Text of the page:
(I may eventually write a second article with spoilers, since there’s so much to discuss there, but this one is safe.)
When I started Undertale, I had no idea what to expect. None. This is the main reason I got the “neutral” ending my first time through, and you know what? I’m glad I did.
On that first playthrough, Undertale captured my heart with its charming characters and humor. I didn’t know it was a funny game. In fact, from the way people talked about it, I expected it to not be a funny game.
The wacky cast of characters was a pleasant surprise. From a spaghetti-obsessed skeleton who thinks he’s a lot cooler than he is, to a killer robot with a hilarious Final Fantasy VI shout-out, I loved them all.
(And yes, even Alphys, who seems to be one of the most-hated characters in the game. How could I hate a mad scientist?!)
The characters were, at times, so ridiculous I laughed out loud. Optional conversations made it even better, such as an absurd debate between two characters about whether the elevators at opposite sides of the area were labeled “R” and “L” for “Red” and “Light Green.”
For a long time, I didn’t have much to say about the story. It had a simple concept, and the characters were what really made Undertale great. After my second playthrough, however, my opinion changed. Undertale’s story is simpler than what you’ll find in a big JRPG, for example, but…
- All the pieces of the story work together really well.
- It could only be told through a video game.
I noticed things during my second playthrough. Pieces of foreshadowing that really helped demonstrate how well the story works. Undertale’s story is made up of several different pieces, which all fit together in just the right ways.
And it had to be a game. Undertale told as a book or movie wouldn’t work. The same basic story would be there, but then it would become just that: basic. The player’s agency, the breaking of the fourth wall, and other aspects I can’t mention because of spoilers all transform it into something more impressive than its core plot.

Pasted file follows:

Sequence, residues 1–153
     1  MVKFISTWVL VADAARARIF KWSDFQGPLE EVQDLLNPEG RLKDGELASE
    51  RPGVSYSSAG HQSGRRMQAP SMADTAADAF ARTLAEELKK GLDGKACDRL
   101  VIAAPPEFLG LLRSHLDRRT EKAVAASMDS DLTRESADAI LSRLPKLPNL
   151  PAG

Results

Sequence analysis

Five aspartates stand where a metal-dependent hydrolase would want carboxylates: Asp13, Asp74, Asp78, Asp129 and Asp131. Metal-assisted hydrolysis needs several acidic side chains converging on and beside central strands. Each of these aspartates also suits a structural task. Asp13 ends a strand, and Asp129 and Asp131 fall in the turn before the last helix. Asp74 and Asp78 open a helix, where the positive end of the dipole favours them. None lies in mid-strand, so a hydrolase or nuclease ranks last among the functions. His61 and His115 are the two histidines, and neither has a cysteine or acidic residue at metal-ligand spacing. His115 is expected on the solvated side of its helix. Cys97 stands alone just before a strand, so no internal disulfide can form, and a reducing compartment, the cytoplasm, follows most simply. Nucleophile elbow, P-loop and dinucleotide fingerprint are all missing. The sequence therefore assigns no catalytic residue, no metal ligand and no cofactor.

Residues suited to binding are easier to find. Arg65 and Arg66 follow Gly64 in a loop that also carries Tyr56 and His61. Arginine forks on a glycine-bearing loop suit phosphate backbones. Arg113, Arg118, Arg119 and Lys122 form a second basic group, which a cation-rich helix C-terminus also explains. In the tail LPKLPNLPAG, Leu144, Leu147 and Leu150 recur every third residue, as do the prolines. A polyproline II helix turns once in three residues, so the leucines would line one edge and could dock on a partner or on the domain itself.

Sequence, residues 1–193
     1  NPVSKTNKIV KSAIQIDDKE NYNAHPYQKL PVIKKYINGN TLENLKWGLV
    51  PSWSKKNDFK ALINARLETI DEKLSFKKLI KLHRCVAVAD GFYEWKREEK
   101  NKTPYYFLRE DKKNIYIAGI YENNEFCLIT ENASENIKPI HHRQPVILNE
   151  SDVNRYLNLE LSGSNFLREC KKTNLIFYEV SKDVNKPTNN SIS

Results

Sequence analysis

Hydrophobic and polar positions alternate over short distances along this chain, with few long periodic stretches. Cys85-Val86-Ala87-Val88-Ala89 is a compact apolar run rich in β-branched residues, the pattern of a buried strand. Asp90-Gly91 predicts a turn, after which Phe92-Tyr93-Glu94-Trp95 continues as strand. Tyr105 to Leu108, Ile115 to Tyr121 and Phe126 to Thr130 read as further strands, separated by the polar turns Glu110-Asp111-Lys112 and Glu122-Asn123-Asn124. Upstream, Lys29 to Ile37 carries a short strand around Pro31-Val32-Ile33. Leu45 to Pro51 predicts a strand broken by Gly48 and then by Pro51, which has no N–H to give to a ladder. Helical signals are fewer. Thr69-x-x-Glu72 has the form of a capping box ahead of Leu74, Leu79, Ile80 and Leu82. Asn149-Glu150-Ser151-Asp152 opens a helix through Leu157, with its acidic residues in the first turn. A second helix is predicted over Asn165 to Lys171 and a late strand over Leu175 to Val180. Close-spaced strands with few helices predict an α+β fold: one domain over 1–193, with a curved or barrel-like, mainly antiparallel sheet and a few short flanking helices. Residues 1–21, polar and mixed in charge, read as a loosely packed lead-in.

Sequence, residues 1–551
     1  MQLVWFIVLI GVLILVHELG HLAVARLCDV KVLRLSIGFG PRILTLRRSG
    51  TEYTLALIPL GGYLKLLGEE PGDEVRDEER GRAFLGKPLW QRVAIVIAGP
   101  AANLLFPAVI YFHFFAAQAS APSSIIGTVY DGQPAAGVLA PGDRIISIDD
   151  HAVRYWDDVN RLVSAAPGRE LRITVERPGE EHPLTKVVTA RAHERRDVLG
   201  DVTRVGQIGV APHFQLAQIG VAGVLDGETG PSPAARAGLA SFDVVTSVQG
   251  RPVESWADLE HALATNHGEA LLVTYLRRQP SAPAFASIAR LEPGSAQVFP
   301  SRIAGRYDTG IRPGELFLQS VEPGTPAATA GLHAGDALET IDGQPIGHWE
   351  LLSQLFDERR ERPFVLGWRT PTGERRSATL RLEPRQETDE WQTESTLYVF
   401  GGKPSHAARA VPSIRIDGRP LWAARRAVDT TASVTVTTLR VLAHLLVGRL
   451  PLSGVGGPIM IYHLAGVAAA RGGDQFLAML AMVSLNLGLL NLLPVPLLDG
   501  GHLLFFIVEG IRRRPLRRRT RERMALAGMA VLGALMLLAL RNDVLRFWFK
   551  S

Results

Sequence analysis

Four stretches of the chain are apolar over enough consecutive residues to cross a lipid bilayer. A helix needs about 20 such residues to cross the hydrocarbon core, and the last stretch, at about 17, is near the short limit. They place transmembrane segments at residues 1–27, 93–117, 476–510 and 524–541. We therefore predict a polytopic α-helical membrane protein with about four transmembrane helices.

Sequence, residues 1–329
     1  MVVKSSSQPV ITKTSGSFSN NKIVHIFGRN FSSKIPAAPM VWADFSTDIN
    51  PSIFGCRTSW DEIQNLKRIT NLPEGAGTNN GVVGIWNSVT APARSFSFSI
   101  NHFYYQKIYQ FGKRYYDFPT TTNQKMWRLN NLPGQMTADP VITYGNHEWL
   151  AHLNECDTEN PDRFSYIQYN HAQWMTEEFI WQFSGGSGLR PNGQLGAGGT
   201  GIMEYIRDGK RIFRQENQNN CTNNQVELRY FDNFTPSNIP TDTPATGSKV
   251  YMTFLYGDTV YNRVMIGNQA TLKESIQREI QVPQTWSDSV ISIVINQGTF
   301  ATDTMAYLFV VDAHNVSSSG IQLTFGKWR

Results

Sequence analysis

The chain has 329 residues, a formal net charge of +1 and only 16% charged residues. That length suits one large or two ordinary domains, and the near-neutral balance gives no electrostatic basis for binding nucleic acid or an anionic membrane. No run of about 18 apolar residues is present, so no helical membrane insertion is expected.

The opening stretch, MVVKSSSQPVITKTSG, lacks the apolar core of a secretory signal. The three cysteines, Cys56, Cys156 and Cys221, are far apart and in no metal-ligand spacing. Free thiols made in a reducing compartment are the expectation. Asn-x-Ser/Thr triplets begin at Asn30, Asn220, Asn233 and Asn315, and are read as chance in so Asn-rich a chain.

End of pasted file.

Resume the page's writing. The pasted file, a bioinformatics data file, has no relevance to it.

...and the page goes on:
The characters are fantastic, the humor is great, and the story is perfect for its format. What about the gameplay?
Undertale’s gameplay is odd. I don’t know exactly how to describe it. It’s sort of a turn-based RPG (what? combat handled through menus?? no modern gamer will enjoy– oh wait…) but not quite.
Attacks are timing-based, and defending involves evading attacks in a format best compared to a very mild bullet hell. You can Act during battle instead of attacking, which lets you pick from a variety of non-combat actions. With the right actions, you will be able to Spare an enemy.
Finding the right actions to spare enemies added a puzzle element to battles, which I enjoyed. There are also a few puzzles on the field, though most of it is structured like an RPG. And as you progress, you find plenty of shortcuts, so backtracking isn’t an issue.
The music is also glorious.
After my first playthrough, I bought the soundtrack, because there are so many great songs I can’t stop listening to!
Undertale is filled with references and little brilliant moments. It even referenced Ace Attorney! (Compare Turnabout Sisters to Dating Start. If you think it’s a coincidence, you eventually have to find a specific piece of “evidence,” and the character in question has a breakdown.)
After the neutral ending, I already recommended Undertale to everyone I talked to. Then my second playthrough showed me it was even better than I thought it was.
For some reason, Undertale is often compared to EarthBound. They… aren’t alike. They have similar graphics and worlds I might describe as “quirky,” and some of the battle text could be compared, but that’s where the similarities end.
Undertale is really a special game. I loved it, and I highly recommend it to anyone who likes RPGs and humor.
If you’ve played Undertale, what was your favorite thing about it? And if you haven’t, does my review make you more inclined to?
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